Meet the Experientialists: Legs Media's Adam Joseph Always Puts His Neck on the Line
This is the fourth in a series of profiles on notable players in the world of experiential marketing. Read about Ted Sabarese from Chobani, Vitro's Marc Wilson and Geoff Cottrill, VP-general manager, brand and segments for Converse .
Experiential marketing doesn't seem like a risky business, but when it comes to his job, "my neck is on the line," said Adam Joseph. That Mr. Joseph sees his job as treacherous speaks to nature of his work, which often plays out on a live stage and entails real-time experiences that you can't patch up in post production. "I always have this feeling that I'm being watched and our directors are being watched -- it's our performance."
More recently, the outfit teamed with Wieden & Kennedy, New York, on Heineken's "Departure Roulette," which invited travelers at New York's JFK airport to push a button to win a potentially more adventurous alternative to their existing itineraries. Last September, it also teamed with Lexus and Team One on a holographic show that aimed to "disrupt" the spectacle that is New York Fashion Week.
Mr. Joseph came into advertising through an unexpected window -- casting. He started out as an intern for one of the biggest firms in the business, Liz Lewis Casting, before making his way to MTV, where he found talent for shows including "House of Style," "MTV Spring Break," "Beach House" and "Total Request Live." Along the way, he also freelanced as a photographer shooting assignments for Warner, Universal and MTV -- he even got his first Times Square Billboard at the age of 22. A call from a former casting boss in 2003 drew him to Milk Studios, which was about to open its own casting affiliate, House Casting.
Six years later, Legs, whose name Mr. Joseph likes to equate to the longevity of an effective idea, was born out of the desire to streamline the often-bureaucratic and complicated production process that he often witnessed at frenzied Milk Studios' fashion shoots and productions. Legs is home to a roster of directors with experiential chops, including fellow co-founders Geremy Jasper and Georgie Greville, MTV alums who directed the Target campaign, and Radical Friend, the team behind the Lexus effort.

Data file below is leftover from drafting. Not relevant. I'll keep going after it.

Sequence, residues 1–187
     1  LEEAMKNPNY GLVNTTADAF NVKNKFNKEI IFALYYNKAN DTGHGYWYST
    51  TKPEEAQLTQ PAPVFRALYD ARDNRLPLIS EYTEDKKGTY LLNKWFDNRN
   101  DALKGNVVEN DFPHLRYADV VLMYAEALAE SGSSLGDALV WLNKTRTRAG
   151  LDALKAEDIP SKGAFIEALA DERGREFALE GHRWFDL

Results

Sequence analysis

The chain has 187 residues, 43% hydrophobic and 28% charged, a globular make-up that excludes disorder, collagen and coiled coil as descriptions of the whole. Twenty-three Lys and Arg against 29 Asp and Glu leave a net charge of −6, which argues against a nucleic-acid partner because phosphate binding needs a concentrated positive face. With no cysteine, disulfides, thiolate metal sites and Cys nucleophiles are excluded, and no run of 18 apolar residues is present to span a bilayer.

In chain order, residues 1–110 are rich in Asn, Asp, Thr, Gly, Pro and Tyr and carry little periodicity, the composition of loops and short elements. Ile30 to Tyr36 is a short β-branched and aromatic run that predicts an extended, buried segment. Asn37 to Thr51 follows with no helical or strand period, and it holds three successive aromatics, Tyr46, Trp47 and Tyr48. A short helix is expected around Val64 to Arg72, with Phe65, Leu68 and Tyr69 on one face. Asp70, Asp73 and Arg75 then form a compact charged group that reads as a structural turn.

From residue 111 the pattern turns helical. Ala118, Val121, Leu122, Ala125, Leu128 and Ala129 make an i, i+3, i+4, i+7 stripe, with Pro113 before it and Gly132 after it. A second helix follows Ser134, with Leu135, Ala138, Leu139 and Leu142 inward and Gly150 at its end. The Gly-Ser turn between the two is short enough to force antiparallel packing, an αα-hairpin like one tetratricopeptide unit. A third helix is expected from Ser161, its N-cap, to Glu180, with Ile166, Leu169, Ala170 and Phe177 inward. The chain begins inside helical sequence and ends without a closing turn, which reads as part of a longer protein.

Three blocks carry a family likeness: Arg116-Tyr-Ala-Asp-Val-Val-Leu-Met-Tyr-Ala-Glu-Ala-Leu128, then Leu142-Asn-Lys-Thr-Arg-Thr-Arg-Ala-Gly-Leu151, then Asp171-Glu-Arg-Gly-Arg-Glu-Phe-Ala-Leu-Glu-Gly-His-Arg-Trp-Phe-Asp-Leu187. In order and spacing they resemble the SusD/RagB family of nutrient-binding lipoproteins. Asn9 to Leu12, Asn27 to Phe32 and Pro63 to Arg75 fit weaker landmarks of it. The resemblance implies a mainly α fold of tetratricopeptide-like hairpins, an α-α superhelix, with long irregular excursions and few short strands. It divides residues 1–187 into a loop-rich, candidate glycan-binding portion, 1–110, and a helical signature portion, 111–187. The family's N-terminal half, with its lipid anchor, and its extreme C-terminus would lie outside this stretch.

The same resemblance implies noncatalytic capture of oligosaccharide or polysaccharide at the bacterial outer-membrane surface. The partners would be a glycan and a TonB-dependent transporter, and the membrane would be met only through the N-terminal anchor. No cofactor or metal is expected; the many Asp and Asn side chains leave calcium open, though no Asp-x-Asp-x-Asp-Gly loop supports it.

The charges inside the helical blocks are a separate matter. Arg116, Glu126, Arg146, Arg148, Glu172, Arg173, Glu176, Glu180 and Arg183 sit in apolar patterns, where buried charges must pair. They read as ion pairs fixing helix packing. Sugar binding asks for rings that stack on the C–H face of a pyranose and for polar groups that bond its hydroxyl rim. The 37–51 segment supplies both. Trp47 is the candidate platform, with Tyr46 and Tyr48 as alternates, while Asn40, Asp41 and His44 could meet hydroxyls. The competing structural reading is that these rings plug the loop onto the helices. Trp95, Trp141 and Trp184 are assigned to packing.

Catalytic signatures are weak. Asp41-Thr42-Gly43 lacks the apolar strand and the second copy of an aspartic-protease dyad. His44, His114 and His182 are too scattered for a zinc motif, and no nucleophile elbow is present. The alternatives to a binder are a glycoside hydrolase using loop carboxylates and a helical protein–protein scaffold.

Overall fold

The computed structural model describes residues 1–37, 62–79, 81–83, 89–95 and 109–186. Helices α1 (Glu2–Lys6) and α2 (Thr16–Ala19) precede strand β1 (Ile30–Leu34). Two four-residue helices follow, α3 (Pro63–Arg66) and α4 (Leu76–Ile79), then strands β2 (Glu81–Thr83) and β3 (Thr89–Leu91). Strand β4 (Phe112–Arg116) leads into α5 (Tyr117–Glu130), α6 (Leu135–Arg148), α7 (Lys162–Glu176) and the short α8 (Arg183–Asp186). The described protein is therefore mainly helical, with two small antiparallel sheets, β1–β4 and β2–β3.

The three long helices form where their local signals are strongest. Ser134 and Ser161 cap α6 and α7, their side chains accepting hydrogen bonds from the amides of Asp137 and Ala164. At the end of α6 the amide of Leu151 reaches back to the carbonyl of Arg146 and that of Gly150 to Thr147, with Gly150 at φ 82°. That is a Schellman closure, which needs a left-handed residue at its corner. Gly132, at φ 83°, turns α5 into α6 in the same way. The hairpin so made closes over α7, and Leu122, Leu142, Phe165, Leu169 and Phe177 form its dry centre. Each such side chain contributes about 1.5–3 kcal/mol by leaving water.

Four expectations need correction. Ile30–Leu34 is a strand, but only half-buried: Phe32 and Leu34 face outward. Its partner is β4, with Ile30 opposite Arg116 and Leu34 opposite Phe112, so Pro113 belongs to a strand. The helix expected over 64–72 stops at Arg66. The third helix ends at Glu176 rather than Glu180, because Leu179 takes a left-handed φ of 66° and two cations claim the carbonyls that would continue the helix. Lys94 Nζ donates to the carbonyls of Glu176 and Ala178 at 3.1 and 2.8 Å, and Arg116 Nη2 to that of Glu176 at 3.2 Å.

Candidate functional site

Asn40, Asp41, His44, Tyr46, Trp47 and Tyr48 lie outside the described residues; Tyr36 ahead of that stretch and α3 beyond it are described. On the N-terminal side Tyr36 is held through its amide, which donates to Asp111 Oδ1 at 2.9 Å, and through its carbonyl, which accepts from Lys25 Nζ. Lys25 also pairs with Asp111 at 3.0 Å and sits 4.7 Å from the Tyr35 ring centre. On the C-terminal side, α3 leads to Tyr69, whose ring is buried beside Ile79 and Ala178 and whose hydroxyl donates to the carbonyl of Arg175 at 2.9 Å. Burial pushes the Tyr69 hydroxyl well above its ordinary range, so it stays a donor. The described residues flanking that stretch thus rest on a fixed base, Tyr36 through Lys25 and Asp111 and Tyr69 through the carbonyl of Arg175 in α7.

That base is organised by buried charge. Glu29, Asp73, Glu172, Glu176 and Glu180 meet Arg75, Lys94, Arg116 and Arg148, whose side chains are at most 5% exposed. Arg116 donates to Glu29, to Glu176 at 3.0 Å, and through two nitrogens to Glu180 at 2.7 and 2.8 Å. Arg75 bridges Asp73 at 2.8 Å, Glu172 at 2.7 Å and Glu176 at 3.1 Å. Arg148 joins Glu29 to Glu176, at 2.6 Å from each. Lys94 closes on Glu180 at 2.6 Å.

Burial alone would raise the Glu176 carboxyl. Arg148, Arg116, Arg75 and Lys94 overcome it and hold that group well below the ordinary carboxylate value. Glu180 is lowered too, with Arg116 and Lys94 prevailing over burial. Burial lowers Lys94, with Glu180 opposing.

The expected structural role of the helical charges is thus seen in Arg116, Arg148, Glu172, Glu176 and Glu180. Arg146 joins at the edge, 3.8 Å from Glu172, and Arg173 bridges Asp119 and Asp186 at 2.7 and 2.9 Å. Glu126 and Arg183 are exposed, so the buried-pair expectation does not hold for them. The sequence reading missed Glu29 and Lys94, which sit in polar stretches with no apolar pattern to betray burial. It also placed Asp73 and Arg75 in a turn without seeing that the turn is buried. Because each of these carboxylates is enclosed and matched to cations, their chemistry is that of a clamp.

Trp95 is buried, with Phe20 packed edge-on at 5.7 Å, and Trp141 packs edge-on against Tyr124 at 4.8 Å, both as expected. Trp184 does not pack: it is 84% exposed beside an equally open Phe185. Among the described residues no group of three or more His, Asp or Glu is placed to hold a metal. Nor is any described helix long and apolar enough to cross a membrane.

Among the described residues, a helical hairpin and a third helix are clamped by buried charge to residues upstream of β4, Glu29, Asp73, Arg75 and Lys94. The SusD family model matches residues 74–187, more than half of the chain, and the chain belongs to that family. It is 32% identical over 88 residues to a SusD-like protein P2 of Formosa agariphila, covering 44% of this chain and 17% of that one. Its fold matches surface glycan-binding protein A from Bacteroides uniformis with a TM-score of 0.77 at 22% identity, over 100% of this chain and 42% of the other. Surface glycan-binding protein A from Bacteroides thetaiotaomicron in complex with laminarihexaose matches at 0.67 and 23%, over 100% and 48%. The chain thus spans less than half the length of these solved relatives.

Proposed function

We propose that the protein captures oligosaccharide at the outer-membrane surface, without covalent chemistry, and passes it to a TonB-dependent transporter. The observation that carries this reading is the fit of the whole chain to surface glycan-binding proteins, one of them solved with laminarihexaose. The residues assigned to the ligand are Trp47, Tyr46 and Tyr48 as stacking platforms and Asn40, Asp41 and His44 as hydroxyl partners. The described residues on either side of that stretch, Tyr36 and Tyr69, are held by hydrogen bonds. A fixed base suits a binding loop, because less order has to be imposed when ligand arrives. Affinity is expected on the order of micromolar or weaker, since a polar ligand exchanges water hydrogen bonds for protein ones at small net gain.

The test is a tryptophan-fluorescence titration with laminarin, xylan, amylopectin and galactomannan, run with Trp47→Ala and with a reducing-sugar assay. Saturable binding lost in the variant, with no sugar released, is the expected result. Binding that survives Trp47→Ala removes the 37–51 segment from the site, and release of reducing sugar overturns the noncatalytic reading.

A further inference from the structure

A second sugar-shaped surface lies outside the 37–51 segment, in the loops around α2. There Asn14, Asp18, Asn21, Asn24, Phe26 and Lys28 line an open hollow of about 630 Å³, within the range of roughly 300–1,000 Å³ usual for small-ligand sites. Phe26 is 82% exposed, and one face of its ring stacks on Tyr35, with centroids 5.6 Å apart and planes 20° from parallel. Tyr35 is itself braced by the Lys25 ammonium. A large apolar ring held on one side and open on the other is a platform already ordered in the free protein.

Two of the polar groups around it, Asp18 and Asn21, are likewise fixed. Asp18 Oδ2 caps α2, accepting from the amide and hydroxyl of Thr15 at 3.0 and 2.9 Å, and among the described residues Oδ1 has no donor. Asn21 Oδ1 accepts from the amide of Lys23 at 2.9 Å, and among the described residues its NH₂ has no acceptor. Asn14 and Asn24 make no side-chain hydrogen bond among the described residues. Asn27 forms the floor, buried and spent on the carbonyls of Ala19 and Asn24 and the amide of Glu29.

The company launched with an ambitious production-heavy idea for Diesel out of the much-celebrated but now defunct Swedish agency Farfar. Legs was tapped to "hijack" Diesel's retail website and turn it into an internet TV station and produced six months worth of content that aired on Diesel.com.
Since then, the projects have moved deeper into the real world. Mr. Joseph said Legs is working on another iteration for Lexus and an "immersive" campaign for Heineken and W&K, New York.
Mr. Joseph said the best experiential efforts often don't come from a playbook or mimicking a case study. "I'm not saying take a blind risk, but there are people out there who are capable of putting together something unique that they don't already have in their portfolio. It could end up better just because they haven't done it before."